The Marine Mammal Protection Act (MMPA)

The Marine Mammal Protection Act (MMPA) of 1972 was enacted to maintain marine mammal stocks at their optimum sustainable population (OSP) level and to restore depleted stocks.  The law prohibits the take of  all 128 species of marine mammals, including whales, dolphins, sea otters, manatees, polar bears, seals, and walruses.  The term “take” is defined as “to harass, hunt, capture, or kill, or attempt to harass, hunt, capture or kill any marine mammal.” 

In addition to shifting the focus of conservation from species to ecosystems, the Act contains many innovative features never before established in legislation. It: 

  • Presented a single comprehensive federal program to the place of former state-run programs; 
  • Included protection for population stocks in addition to species and subspecies. A population stock is “a group of marine mammals of the same species or smaller taxa in a common spatial 
  • arrangement that interbreed when mature;” 
  • Shifted the burden from resource managers to resource users to show that proposed taking of living marine resources would not adversely affect the resource or the ecosystem; 
  • ƒEstablished the concept of “optimum sustainable populations” (OSP) to ensure healthy ecosystems. Prior to the Act, the management of marine species was aimed at producing a “maximum sustainable yield” (MSY) to ensure the species replenished itself for an adequate harvest in subsequent years; and 
  • ƒDirected federal agencies to seek changes in international agreements, such as the Whaling Convention and the North Pacific Seal Convention corresponding to the Act.

The 1994 reauthorization introduced substantial changes to the MMPA, with new requirements designed to establish a long-term strategy for managing interactions between marine mammals and commercial fishing operations.  This amendment established a program to authorize and control the take of marine mammals in commercial fishing operations. It also called for the preparation of stock assessments for all marine mammal stocks in U.S. waters.  These stock assessment reports, or SARs, provide NOAA Fisheries and the fishery management councils with the necessary scientific information to determine appropriate levels for the incidental take of marine mammals.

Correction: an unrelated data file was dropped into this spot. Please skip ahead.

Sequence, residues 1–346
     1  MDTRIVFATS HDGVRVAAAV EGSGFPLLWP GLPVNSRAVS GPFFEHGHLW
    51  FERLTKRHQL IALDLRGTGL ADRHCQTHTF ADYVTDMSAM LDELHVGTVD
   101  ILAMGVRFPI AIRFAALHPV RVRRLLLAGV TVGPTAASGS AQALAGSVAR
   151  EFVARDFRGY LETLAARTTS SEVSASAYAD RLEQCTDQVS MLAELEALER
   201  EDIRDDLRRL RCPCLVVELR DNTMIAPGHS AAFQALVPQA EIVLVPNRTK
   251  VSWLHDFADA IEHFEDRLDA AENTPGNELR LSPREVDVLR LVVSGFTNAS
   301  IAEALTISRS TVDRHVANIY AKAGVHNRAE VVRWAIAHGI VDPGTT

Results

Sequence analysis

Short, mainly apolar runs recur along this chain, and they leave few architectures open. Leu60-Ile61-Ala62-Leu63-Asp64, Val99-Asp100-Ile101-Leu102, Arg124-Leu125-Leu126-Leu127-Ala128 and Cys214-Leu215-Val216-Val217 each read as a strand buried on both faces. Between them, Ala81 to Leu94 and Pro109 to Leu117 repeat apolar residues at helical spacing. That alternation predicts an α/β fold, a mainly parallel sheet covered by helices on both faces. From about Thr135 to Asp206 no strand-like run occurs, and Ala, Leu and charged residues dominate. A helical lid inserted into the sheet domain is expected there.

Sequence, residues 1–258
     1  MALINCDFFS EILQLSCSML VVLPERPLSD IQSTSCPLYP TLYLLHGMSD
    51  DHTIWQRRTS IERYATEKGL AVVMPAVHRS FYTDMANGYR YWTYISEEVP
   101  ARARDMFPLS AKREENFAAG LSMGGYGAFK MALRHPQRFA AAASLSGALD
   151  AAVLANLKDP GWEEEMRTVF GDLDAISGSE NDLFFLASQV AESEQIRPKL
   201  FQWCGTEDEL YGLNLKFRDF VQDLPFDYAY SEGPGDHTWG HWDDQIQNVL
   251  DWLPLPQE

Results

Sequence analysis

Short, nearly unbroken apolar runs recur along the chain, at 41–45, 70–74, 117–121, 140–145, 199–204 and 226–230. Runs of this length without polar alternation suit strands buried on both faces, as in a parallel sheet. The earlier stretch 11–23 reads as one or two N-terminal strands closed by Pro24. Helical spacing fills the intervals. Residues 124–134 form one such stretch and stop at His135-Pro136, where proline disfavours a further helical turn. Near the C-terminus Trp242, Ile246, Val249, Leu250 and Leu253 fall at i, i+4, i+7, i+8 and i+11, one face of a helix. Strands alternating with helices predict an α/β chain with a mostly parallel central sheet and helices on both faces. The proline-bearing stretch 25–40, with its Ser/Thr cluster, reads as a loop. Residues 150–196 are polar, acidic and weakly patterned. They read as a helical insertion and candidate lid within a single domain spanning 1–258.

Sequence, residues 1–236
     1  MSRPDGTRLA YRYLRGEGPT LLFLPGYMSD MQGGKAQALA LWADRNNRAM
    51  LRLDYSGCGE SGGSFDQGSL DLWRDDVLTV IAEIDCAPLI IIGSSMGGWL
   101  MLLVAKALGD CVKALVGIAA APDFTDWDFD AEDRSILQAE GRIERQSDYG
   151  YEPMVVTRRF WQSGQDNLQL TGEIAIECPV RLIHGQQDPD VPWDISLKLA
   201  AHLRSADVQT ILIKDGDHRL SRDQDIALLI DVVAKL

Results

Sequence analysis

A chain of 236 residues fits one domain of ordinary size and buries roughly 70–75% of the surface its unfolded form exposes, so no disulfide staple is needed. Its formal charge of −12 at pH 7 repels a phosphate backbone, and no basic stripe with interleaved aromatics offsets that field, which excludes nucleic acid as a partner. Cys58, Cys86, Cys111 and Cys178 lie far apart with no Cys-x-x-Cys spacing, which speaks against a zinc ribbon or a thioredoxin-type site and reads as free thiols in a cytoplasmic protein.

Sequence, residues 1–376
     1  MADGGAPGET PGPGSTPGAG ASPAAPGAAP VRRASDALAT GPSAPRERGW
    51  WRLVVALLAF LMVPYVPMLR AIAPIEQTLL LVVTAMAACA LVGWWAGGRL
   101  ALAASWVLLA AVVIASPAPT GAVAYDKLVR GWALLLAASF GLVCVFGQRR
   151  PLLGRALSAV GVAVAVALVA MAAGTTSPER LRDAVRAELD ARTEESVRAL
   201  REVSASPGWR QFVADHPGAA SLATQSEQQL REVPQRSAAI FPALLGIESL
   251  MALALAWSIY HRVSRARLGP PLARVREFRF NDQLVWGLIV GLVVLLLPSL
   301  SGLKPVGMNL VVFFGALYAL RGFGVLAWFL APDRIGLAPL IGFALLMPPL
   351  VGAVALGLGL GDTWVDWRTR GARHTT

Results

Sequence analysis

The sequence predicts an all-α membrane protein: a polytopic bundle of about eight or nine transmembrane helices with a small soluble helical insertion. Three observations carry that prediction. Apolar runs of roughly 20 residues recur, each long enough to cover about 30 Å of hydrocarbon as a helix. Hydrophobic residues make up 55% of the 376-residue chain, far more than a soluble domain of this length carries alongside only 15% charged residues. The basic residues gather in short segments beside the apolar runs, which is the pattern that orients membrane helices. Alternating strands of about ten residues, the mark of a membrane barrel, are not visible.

NOAA Fisheries classifies each commercial fishery under one of three categories according to the incidence of marine mammal injury or death.  Category I and II fisheries have “frequent” or “occasional” incidences of marine mammal death or injury. These fisheries must also comply with Take Reduction Plans (TRPs).  TRPs are developed by Take Reduction Teams with the short-term goal of reducing, within 6 months, the incidental take of marine mammals to a level that will allow for the recovery of the stock and the long-term goal of reducing the incidental take of marine mammals to insignificant levels within 5 years.  The Council has participated in the development of four completed take reduction plans and one in-progress TRP.